Callinicos ’04 [Alex, Director of the Centre for European Studies at King’s College, The Revolutionary Ideas of Karl Marx, 2004 pg. 196-197]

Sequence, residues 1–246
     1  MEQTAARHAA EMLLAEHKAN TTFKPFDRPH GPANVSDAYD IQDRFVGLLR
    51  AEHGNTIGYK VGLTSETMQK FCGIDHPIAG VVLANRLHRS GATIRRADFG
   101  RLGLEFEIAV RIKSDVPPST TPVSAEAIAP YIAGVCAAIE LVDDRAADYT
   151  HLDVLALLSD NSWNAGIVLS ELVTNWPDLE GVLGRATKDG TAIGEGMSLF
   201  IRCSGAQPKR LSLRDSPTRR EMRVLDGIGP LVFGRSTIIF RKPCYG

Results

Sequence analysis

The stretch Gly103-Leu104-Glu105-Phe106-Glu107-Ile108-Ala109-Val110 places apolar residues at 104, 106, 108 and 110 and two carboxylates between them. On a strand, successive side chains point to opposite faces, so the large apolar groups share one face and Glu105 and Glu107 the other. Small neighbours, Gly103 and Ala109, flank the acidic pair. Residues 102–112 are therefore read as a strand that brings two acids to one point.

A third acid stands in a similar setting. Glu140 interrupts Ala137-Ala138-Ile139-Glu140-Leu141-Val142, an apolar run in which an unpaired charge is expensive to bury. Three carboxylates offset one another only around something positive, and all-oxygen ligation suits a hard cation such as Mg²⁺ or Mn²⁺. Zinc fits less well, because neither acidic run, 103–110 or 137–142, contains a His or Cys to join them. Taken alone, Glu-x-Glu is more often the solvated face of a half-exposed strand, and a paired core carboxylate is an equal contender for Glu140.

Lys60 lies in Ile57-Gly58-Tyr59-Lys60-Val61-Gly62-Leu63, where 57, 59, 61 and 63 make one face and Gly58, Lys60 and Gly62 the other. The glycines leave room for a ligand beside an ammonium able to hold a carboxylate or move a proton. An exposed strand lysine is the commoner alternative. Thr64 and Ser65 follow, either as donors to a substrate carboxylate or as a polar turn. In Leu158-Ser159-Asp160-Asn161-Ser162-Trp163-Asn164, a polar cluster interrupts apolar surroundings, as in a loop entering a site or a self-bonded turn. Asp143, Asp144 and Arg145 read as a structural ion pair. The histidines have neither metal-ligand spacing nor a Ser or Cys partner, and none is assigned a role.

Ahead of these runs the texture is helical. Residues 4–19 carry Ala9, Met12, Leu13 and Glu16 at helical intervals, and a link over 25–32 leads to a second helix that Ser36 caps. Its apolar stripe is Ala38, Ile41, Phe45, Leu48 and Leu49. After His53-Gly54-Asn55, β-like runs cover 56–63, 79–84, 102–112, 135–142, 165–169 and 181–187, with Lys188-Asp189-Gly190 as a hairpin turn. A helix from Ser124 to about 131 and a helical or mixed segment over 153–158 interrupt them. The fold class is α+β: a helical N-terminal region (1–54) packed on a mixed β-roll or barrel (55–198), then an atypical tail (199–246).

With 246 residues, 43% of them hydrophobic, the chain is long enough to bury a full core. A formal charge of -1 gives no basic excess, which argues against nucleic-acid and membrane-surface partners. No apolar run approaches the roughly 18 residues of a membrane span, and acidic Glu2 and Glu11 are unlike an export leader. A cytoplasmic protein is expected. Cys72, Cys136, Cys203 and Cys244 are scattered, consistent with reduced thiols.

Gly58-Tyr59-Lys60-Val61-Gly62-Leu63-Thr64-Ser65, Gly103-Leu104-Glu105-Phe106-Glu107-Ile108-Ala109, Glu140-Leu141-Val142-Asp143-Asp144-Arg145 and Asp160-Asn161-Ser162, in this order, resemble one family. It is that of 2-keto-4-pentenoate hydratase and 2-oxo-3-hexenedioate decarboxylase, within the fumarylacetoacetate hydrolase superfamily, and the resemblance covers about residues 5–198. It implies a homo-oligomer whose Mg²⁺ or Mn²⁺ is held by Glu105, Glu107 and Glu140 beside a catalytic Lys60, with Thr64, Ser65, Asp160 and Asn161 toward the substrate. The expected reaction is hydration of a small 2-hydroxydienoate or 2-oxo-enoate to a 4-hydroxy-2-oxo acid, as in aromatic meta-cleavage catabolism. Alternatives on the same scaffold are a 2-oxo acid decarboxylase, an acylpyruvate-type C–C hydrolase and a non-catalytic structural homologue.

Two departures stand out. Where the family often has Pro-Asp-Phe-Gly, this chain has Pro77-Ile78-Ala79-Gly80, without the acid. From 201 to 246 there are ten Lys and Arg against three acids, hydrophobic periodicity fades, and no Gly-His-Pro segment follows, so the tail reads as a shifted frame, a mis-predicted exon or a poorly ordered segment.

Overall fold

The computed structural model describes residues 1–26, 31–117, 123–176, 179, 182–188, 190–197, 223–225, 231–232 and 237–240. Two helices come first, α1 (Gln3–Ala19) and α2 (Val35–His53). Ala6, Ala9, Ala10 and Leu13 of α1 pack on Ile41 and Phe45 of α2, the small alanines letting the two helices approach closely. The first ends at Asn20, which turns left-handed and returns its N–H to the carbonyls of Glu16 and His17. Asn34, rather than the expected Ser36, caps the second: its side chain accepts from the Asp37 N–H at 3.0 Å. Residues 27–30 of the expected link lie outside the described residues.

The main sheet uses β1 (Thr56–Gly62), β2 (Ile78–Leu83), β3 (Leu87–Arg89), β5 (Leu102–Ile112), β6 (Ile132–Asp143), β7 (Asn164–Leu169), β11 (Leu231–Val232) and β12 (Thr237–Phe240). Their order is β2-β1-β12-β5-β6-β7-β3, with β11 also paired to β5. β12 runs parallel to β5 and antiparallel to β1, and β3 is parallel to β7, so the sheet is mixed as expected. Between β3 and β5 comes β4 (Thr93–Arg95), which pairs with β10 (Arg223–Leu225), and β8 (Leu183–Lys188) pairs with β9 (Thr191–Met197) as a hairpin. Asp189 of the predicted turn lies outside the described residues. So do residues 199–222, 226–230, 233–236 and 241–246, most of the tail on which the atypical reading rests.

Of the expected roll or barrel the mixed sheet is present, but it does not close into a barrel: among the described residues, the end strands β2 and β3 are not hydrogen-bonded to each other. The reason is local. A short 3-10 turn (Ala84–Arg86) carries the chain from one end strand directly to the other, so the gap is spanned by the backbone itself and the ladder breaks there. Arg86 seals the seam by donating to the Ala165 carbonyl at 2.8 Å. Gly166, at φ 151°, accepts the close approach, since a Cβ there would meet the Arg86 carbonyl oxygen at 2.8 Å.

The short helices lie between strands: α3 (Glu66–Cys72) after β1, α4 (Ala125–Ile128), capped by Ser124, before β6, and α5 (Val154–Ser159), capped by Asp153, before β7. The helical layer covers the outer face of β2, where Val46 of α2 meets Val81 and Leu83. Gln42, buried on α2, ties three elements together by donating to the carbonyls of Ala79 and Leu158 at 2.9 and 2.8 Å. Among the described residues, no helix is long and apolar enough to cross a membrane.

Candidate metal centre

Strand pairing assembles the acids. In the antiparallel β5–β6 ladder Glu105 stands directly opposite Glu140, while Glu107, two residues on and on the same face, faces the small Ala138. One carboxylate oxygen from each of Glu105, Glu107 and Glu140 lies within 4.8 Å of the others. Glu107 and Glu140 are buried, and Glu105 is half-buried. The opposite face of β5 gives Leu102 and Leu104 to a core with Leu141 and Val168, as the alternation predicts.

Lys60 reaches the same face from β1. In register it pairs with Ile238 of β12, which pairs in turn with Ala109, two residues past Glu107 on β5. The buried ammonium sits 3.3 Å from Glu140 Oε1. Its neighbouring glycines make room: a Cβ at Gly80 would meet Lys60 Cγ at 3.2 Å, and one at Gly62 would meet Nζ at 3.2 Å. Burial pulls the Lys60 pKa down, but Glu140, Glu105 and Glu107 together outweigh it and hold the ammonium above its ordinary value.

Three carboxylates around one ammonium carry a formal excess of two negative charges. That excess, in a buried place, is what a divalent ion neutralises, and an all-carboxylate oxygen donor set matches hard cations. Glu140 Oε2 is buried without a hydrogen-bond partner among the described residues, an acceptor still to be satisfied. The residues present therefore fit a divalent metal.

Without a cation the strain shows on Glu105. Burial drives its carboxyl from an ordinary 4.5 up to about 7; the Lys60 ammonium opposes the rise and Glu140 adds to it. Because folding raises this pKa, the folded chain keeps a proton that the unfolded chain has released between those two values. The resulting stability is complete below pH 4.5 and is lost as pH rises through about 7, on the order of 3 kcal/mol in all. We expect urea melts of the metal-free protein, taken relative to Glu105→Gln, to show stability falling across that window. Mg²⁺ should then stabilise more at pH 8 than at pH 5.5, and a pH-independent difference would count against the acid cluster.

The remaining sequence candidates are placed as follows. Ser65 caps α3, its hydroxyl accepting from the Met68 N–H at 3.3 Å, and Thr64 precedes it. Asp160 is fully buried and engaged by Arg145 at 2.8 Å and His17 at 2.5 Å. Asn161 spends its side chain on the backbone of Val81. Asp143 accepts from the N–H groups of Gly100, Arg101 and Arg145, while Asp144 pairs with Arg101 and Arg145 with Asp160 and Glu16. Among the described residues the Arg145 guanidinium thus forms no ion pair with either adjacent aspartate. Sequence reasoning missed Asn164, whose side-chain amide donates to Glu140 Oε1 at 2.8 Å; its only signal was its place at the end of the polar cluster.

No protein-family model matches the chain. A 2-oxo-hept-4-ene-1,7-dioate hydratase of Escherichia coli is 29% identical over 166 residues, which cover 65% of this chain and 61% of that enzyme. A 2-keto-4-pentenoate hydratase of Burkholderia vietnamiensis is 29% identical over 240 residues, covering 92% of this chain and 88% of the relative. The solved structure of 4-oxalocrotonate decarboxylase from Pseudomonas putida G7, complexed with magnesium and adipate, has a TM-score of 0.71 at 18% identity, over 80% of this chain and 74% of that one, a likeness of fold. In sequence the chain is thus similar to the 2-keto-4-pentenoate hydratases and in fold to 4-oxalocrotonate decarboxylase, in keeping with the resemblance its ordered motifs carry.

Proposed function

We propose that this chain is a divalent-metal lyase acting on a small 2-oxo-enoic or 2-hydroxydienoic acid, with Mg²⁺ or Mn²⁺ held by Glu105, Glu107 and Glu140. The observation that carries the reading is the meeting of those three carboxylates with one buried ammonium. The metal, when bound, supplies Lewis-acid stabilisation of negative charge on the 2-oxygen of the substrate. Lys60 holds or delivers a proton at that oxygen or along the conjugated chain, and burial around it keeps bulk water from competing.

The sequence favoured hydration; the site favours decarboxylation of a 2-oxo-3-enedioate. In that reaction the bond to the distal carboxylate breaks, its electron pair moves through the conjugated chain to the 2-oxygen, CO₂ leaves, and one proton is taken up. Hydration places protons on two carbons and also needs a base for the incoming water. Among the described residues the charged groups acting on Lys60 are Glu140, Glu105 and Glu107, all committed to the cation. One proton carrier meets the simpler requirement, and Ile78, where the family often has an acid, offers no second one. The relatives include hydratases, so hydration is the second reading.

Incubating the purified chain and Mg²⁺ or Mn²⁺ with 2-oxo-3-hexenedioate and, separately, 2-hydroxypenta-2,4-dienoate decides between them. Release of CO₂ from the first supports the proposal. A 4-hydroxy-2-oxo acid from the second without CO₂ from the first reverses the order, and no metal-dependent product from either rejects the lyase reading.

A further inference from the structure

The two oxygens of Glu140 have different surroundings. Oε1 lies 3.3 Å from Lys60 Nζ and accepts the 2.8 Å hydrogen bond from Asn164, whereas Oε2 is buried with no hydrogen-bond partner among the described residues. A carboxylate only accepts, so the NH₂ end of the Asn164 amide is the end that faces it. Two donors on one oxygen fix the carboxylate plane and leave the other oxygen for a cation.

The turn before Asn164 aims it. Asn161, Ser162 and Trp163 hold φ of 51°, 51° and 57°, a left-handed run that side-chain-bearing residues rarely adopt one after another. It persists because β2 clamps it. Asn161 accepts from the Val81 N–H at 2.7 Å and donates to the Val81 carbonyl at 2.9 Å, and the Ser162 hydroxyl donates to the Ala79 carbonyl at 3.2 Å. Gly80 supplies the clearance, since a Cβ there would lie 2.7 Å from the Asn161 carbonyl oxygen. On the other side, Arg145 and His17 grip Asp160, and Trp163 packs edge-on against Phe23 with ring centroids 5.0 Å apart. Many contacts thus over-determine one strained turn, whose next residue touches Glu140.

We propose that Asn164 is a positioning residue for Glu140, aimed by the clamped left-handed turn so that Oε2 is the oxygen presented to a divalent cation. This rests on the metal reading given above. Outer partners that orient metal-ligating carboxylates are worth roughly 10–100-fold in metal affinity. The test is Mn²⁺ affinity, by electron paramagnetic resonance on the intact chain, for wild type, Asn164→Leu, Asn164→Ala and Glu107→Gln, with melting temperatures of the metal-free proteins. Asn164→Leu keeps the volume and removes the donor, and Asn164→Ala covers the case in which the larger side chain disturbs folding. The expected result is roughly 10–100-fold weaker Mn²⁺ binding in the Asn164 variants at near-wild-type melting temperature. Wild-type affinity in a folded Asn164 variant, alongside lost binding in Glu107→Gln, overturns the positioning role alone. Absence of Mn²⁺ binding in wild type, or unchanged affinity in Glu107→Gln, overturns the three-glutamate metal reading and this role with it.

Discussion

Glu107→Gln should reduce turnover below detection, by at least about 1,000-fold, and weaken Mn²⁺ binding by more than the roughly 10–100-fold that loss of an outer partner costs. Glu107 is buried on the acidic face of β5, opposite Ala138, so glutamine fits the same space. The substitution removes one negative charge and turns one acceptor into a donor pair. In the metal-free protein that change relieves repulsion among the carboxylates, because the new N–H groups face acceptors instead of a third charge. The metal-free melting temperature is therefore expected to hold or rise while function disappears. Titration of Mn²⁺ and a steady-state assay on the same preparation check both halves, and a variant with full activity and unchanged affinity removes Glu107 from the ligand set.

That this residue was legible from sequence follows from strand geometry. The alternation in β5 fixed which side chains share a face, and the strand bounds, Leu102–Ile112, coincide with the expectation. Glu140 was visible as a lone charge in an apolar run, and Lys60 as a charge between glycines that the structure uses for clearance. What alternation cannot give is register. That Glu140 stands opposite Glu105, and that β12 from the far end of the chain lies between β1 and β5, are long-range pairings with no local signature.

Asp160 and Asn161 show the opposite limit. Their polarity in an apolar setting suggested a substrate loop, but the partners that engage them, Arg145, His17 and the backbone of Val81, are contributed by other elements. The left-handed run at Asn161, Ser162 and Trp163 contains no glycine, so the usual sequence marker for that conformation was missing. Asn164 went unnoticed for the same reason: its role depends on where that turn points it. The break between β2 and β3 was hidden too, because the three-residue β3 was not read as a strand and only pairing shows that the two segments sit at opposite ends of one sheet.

Capitalism has not changed its spots. It is still based on the exploitation of the working class, and liable to constant crises.The conclusion that Marx drew from this analysis, that the working class must overthrow the system and replace it with a classless society, is even more urgent now than in his day. For the military rivalries which are the form increasingly assumed by competition between capitals now threaten the very survival of the planet. As Marx’s centenary approached, the fires of war flickered across the globe—in Lebanon, Iran and Iraq, Kampuchea, southern Africa, the Horn of Africa, Afghanistan and the South Atlantic. The accumulation of vast armouries of nuclear destruction by the superpowers, missilerattling in the Kremlin, talk of ‘limited’ and ‘protracted’ nuclear war in Washington—these cast a shadow over the whole of humanity. Socialist revolution is an imperative if we are to change a world in the grip of economic depression and war fever, a world where 30 million rot on Western dole queues and 800 million go hungry in the Third World. To that extent, Marx’s ideas are more relevant today than they were 100 years ago. Capitalism has tightened its grip of iron on every portion of the planet since 1883, and is rotten-ripe for destruction, whether at its own hands through nuclear war, or at the hands of the working class. The choice is between workers’ power or the ‘common ruination of the contending classes’—between socialism or barbarism. Many people who genuinely wish to do something to remedy the present state of the world believe that this stress on the working class is much too narrow. The existence of nuclear weapons threatens everyone, whether workers or capitalists or whatever. Should not all classes be involved in remedying a problem which affects them all? What this ignores is that what Edward Thompson has called ‘exterminism’— the vast and competing military apparatuses which control the arms race—is an essential part of the working of capitalism today.No sane capitalist desires a nuclear war (although some insane ones who believe that such a war would be the prelude to the Second Coming now hold positions of influence in Washington). But sane or insane, every capitalist is part of an economic system which is bound up with military competition between nation-states.Only a class with the interest and power to do away with capitalism can halt the march to Armageddon. Marx always conceived of the working class as the class whose own self-emancipation would also be the liberation of the rest of humanity. The socialist revolution to whose cause he devoted his life can only be, at one and the same time, the emancipation of the working class and the liberation of all the oppressed and exploited sections of society. Those who accept the truth of Marx’s views cannot rest content with a mere intellectual commitment. There are all too many of this sort around, Marxists content to live off the intellectual credit of Capital, as Trotsky described them. We cannot simply observe the world but must throw ourselves, as Marx did, into the practical task of building a revolutionary party amid the life and struggles of the working class. ‘The philosophers have interpreted the world,’ wrote Marx, ‘the point, however, is to change it.’ If Marxism is correct, then we must act on it.